The Twins’ 0-7 start has elicited varying levels of concern among Twins fans (and the Twins themselves). While nobody would suggest an 0-7 start is good (#analysis), in the context of a 162-game season there is time to recover. But if the Twins keep playing the way they’re playing, they won’t recover. And even if they improve, the hole they’ve dug in just one week is quite deep. It took an extraordinary set of circumstances for Minnesota to recover from a 1-6 start last season to have the best record in the American League at the end of May (and contend all season).
So if the question is, “Should we panic about the Twins?” the answers are varied. To illustrate that, I surveyed three local baseball bloggers for their input. I gave each of them an unrealistic goal of summing up their argument in 100 words. One of them adhered to it!
(Note: All of them wrote BEFORE closer Glen Perkins went on the DL). Here are all three:
Brandon Warne, Twins beat writer for Cold Omaha.
It’s far too soon to worry about this Twins team even at 0-7. While the track record of teams starting 0-7 is not strong, plenty of teams have been seven games under .500 at some point and come back to have success. In fact, the 1991 (2-9) and 2006 Twins (25-33) came back to not only get their seasons back on track, but post the fourth- and fifth-most wins in a single season in post-Senators club history (96 in 2006; 95 in 1991).
It’s a bad situation to be sure, but this team is too skilled to play this badly all season long. This team has struck out 30.4 percent of the time so far through seven games; just one team in MLB history – the 2013 Houston Astros — has fanned over 25 percent of the time. That’s bound to not only get better, but a lot better. And finally, there are enough moving parts to make this work. With Max Kepler and Jorge Polanco basically big-league ready and a number of guys who can play multiple positions, it’s not the death knell if this team doesn’t get production out of someone like Byung Ho Park or Eddie Rosario.
What can and may kill this offense is if Miguel Sano struggles for an extended period. In the middle of the lineup, he’s an indispensable piece to wherever this offense is heading. And while he started slow last year — .159/.303/.381 in 76 April plate appearances at Chattanooga — keep this in mind: he was coming off missing an entire season with Tommy John surgery. That’s obviously not the case here.
Seth Stohs, who writes for Twinsdaily.com and keeps a sharp eye on the Twins’ minor league system.
On one side of the coin, the Twins and their fans should absolutely worry. No team that started 0-7 in Major League history has made the playoffs. For a team that wanted to take another step forward from their surprising 83-79 record a year ago, things could not have started out worse.
It’s so cliche, but there are still 155 games left to play, so the Twins are not out of it. There is too much talent on offense. Right now Joe Mauer and Eduardo Escobar are the only guys hitting. They will strike out, but they will hit more. Hitting more will allow the pitchers some margin for error. That will help.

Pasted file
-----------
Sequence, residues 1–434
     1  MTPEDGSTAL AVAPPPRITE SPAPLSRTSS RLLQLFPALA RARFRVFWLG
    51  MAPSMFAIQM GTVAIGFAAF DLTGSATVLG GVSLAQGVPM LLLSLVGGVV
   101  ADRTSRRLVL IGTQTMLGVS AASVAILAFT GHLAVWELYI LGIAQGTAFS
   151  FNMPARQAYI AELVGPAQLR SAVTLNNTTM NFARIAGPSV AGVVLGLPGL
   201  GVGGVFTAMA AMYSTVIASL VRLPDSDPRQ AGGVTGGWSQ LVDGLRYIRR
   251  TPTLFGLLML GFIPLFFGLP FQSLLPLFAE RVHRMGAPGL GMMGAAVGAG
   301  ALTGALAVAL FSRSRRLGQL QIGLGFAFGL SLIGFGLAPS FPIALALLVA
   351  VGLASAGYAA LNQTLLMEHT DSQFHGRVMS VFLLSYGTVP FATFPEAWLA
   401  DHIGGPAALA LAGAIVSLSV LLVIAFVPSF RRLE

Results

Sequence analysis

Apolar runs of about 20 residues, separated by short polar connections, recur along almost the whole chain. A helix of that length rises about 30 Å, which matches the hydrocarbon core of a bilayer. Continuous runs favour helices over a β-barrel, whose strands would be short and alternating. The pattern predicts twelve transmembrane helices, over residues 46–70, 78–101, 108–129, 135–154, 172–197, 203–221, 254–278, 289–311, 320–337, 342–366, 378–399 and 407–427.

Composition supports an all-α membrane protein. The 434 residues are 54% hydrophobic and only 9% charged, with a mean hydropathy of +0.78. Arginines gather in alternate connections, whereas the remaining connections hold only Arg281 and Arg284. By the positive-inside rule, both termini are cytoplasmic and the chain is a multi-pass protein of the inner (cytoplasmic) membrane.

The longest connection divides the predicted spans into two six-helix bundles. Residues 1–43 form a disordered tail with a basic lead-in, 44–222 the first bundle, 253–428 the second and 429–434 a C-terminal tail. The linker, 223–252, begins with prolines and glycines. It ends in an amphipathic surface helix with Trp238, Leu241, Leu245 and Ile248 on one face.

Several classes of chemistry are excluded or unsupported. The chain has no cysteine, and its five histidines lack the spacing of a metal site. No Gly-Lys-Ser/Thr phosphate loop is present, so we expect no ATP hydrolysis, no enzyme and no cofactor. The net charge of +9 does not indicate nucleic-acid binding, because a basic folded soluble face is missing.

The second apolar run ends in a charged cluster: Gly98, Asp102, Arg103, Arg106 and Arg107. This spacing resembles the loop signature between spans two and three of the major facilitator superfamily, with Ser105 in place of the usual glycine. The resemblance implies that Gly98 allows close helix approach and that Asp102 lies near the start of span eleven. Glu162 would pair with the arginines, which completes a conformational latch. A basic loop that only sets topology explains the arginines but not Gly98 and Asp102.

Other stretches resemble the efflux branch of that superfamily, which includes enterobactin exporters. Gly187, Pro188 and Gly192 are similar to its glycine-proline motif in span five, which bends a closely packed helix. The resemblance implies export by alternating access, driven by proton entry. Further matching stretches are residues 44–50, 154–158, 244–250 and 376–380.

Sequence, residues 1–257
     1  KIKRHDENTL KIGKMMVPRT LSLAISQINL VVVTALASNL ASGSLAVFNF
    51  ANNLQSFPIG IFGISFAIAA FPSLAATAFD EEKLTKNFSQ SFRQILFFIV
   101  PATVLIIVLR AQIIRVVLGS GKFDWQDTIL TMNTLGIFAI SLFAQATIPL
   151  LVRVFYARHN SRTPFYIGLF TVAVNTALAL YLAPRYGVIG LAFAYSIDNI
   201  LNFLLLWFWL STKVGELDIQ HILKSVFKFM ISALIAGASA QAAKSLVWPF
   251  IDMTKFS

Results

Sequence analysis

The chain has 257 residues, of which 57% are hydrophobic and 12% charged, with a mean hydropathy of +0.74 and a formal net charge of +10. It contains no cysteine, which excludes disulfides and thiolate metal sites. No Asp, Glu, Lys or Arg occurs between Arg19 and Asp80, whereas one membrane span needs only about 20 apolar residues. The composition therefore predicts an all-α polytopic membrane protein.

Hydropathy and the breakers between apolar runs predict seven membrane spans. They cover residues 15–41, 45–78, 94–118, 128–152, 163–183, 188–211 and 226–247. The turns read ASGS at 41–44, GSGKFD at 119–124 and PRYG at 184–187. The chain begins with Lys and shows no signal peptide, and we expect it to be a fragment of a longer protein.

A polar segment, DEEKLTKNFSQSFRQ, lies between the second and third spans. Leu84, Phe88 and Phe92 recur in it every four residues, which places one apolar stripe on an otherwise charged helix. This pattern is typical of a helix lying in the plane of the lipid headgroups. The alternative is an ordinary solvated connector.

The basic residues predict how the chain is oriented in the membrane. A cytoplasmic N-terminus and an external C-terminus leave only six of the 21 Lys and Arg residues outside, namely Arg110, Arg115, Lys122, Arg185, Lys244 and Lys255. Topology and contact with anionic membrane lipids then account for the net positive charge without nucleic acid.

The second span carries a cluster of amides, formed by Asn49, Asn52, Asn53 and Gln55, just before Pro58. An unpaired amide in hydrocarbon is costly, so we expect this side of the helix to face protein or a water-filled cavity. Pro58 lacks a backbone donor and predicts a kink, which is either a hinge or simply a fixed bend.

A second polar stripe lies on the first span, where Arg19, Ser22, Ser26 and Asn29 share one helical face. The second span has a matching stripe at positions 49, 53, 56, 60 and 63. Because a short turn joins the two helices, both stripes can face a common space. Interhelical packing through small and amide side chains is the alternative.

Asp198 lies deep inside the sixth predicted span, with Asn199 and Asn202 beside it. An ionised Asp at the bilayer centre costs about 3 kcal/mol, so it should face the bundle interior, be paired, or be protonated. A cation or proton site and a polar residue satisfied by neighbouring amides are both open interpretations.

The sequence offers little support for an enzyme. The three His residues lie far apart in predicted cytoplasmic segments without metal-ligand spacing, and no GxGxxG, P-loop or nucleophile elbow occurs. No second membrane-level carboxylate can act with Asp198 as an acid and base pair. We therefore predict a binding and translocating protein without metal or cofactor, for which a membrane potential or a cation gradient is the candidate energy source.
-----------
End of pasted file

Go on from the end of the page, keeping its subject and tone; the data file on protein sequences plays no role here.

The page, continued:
Right now, pitchers likely feel the need to be perfect because the offense isn’t scoring. Hitters look like they’re all trying to hit five-run home runs. Miguel Sano looks like he wants to hit the ball 600 feet. He needs to know that it’s OK to hit it just 400 feet!
The start to the 2016 season for the Minnesota Twins was not a train wreck. No, it was more like a “plane of snakes crashing into a zombie train that collides with a nuclear warhead in the middle of a populated area” wreck. And before you chime in optimistically with “it’s still early in the season” consider this: In the history of baseball, 24 teams have lost their first seven games and only two of those teams managed to finish the year with a winning record. So, historically speaking, the Twins’ odds of making a postseason are about as grounded as a Trevor May fastball.
On the other hand, MLB now has, like, nine Wild Card teams in the playoffs so there may be a glimmer of hope for the Twins despite this snake-covered radioactive zombie apocalypse of season. Here are a few early bright spots:
- Joe Mauer is doing Joe Mauer-y things at the plate. He’s even got a home run already. Last year he didn’t sock his first dinger until May 20th.
- Eduardo Escobar is out to prove that he can live up to La Velle E Neal III’s nickname.
- Miguel Sano won’t swing through everything. When he has made contact he has had an average exit velocity of 99 MPH (13th highest in baseball). Those will eventually become hits.
- Byron Buxton will eventually learn what a slider down and away is.
- Pittsburgh’s Jung Ho Kang struggled in the first half (732 OPS, 4 HR) when he came over from the KBO before figuring MLB pitching in the second half (913 OPS, 11 HR) last year. Don’t be surprised if Byung Ho Park follows the same path.
- The starting pitching hasn’t been that bad. Ervin Santana has missed plenty of bats (and he doesn’t get the luxury of pitching against his own lineup). Ricky Nolasco’s first start was actually good.
- The bullpen seems to be trying really hard, doing their best and having fun out there.
- The Twins play the oh-and-seven Atlanta Braves four times this year. Somebody has to win those games and this will be a good time to remind Braves fans that Ron Gant was clearly out.